Medill Reports

LOS ANGELES – NBA Commissioner Adam Silver emphasized his belief that the NBA should receive a 1% “integrity fee” if the Supreme Court gives all 50 states the option to legalize sports gambling as expected later this year.

“From the NBA’s standpoint, we will spend this year roughly $7.5 billion creating this content, creating these games,” Silver said during his annual state of the league address. “This notion that as the intellectual property creators that we should receive a one percent fee seems very fair to me.”

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Record number of millennials sign up to run for local office in 2018 midterms


By Elizabeth Beyer
Medill Reports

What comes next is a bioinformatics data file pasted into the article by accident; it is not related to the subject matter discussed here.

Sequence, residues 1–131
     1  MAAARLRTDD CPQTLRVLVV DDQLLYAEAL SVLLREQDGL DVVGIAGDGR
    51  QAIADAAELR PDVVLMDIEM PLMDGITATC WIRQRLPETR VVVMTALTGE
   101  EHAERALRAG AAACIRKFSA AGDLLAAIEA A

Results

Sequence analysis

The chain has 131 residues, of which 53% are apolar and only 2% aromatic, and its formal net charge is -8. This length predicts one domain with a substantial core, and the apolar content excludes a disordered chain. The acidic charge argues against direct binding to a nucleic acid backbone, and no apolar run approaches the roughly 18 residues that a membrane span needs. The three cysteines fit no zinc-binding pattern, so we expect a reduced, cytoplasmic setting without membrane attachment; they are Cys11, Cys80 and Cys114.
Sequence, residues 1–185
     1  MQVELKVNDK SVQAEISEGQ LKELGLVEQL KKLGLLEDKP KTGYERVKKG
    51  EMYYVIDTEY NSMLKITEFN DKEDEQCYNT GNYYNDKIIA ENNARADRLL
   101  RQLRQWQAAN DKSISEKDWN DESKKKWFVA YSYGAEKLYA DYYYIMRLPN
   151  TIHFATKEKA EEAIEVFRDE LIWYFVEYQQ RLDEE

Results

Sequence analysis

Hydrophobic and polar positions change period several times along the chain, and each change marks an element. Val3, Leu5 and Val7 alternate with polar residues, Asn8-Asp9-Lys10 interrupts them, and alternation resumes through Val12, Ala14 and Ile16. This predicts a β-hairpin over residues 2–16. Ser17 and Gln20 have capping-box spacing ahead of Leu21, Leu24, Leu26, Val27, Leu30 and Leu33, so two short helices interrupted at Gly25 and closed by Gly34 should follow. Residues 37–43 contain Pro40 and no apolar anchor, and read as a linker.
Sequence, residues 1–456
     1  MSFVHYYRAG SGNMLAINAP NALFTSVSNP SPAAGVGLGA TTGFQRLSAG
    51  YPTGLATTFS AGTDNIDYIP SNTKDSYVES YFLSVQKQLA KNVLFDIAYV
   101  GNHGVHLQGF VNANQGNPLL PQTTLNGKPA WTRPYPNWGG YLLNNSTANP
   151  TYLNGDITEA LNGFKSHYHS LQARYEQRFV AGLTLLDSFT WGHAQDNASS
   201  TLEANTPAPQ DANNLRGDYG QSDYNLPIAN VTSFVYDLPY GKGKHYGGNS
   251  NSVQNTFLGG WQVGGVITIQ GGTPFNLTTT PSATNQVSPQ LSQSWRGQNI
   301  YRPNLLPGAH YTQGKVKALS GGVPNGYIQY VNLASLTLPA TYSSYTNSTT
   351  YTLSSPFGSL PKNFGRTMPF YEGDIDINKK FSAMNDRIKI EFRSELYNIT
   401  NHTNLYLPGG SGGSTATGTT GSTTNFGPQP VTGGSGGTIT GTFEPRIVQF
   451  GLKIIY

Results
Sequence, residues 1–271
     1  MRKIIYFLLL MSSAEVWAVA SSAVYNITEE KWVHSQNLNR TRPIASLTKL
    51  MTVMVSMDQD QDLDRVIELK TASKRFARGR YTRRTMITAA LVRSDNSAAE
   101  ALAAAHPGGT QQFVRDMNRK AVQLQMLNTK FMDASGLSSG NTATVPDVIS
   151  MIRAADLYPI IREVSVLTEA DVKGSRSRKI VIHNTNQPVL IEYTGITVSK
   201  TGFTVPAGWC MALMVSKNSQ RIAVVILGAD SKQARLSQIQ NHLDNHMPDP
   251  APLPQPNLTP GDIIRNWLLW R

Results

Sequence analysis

Grassroots organizations launched since the last national election to train young first-time candidates received thousands of requests for assistance.

First time candidates under the age of 35 are taking on entrenched incumbents in midterm races across the country. Many of them cited the outcome of the 2016 presidential election and lack of representation in local politics as their motivation.

One such organization, Run For Something, launched in January of 2017 with mostly small-donor contributions. 

“We thought it’d be really small, we’d get maybe 100 people who would want to run in the first year. Instead we have 15,000 millennials signed up with us to say they want to run for office,” said Amanda Litman, founder of Run for Something.